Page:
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Olefin Carpet Cleaning

 

This is a synthetic fiber with an amazing ability to resist stains. It is solution dyed. This means when the clear pellets (about the size of bb shot) are melted to go through the spinneret (like water going thru a shower head) and are extruded (pushed thru holes) into a fiber, colored pellets are added prior to the meltdown. This melting of the white pellets and the color pellets (pigment) together, is called solution dying. The color is now locked into the fiber.

Most stains clean off olefin due its lack of absorbency. This fiber absorbs one-tenth of 1% its weight in moisture. It's basically a type of plastic.

Solution dying is the only way it can be colored. After the fiber is made, it won't accept dye.

It does not need a stain resist (acid dyes) treatment; it is stain resistant on its own. A problem is, it's an oily fiber that attracts oil. Sticky clear plastic runners, left too long have been known to leave a slight stickiness on the fiber that can be impossible to remove.

Duct tape can be another issue.

  

Because it loves oil, olefin carpet prespray is recommended. It does a better job of removing oily soil from this fiber than presprays made for stain resist nylon carpet. In fact, olefin prespray is not meant for use on fifth generation nylon carpet.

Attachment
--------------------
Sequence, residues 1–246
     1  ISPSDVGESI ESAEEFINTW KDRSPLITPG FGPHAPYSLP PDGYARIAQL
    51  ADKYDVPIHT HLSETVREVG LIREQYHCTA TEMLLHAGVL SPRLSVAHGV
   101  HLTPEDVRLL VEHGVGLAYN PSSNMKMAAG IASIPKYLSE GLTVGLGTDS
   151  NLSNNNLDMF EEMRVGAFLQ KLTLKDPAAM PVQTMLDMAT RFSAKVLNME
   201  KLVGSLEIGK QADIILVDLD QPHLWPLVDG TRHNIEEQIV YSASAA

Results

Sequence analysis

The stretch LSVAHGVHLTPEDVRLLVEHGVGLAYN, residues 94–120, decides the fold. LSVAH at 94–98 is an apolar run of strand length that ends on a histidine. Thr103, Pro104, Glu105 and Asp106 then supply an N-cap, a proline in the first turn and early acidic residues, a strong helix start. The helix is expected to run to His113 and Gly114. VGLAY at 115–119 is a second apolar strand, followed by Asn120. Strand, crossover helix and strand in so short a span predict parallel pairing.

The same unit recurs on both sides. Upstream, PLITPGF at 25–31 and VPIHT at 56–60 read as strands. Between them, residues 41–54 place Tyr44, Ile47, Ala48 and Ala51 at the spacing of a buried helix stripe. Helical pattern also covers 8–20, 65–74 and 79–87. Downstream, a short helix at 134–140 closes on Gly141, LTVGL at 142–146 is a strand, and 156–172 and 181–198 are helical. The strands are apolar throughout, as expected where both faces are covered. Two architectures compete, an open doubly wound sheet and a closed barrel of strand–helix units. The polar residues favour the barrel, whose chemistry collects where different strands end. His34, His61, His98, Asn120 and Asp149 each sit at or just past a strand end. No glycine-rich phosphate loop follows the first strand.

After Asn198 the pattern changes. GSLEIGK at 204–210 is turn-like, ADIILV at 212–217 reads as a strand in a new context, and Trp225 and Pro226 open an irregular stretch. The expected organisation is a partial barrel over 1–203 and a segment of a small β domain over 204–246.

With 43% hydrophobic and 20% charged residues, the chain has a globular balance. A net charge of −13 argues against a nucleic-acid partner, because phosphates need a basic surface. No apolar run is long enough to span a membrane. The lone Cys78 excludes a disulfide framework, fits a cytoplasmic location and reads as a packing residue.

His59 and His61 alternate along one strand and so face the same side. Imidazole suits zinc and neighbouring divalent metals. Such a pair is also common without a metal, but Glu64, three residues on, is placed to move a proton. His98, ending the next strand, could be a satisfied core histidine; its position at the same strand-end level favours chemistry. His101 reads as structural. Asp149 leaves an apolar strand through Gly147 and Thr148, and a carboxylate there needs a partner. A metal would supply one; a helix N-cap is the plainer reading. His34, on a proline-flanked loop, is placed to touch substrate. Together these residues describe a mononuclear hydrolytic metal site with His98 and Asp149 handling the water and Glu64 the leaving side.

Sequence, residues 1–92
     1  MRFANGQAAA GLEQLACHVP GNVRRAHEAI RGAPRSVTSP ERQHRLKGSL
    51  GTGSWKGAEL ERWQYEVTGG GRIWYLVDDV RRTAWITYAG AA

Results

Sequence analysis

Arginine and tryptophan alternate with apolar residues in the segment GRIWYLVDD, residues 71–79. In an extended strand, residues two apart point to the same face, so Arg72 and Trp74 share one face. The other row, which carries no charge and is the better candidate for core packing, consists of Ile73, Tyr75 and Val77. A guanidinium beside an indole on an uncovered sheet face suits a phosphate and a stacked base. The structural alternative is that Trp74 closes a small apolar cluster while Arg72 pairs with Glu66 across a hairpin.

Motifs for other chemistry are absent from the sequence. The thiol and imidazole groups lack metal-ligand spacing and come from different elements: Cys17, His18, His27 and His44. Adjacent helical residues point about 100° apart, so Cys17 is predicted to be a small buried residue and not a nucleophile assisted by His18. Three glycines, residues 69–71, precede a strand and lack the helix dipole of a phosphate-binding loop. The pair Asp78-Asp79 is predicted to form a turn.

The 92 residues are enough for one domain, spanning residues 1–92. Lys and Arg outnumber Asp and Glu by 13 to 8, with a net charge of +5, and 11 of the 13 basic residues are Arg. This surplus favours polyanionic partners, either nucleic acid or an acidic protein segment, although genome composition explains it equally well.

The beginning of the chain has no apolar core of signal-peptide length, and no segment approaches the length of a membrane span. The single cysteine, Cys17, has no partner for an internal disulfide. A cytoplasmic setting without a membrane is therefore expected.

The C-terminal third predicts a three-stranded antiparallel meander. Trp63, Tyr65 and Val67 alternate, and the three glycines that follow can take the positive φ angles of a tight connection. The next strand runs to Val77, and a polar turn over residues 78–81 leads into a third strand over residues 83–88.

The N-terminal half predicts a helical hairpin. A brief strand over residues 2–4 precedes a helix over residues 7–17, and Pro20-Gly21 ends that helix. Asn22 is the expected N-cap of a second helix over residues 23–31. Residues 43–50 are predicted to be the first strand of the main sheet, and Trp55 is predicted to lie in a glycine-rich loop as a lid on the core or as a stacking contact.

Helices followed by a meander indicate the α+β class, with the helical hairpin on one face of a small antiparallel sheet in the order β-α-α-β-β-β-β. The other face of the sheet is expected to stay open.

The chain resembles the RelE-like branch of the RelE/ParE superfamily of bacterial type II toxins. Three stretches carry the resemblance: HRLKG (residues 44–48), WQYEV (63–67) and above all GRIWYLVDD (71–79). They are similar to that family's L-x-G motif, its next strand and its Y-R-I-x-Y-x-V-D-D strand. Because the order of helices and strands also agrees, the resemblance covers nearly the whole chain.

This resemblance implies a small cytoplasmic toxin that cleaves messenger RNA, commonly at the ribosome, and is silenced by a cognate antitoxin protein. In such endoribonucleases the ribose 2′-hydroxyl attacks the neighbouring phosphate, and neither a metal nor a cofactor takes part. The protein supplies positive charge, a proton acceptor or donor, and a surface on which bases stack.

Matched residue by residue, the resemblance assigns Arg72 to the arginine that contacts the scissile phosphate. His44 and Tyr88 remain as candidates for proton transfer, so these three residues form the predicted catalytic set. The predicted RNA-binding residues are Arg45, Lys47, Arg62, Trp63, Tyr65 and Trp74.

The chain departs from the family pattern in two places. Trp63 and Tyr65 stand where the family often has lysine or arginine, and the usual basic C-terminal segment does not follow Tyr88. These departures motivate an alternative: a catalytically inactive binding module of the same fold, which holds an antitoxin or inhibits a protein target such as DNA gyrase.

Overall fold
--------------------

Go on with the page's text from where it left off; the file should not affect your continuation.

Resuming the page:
Cleaning olefin carpet can be an easy job, but it has a wick back issue, which can sometimes be a problem. Prespray can go down, the non absorbent fiber, to the backing and mix with, spilled, staining material already there. The staining material wicks up, with the moisture, to the top of the fiber. You now can have stains, on the olefin carpet surface, that weren’t there before, that "wicked" up, while the fiber was damp!

 

There are several ways to combat this.

1. Good vacuuming.

2. Use less prespray, than with nylon. Nylon will absorb more.

3.Turn down water pressure, if using hot water extraction. Don’t push things down, pull them up.

4 .If hot water extracting, dry stroke immediately, before the moisture goes down the fiber.

5. Encapsulation can be a good choice as it, usually, contains an anti wicking ingredient. Be careful, of brush machines. This fiber melts with very little friction.

6.Another method, is spray the carpet with Encapuguard, by Bridgepoint, after cleaning, which can help prevent wickback. (also called wicking)

 

One last problem; crushing of the berber loops, in walkways. The crushed loops will reflect light differently and give an illusion of “apparent soiling”, that may not be soil, just light being reflected different than non crushed loops.

Olefin berber is great for kids play rooms, rent houses and anyone with dogs and cats. This carpet fiber is virtually stain proof. Just be ready to qualify some crushing of loops, making dark walkways and some oily soil issues, once in a while and work on preventing wick back.

    

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                Dennis Klager

                Instructor/Trainer

 

 

 

 

  
Copyright 2012 by Dennis Klager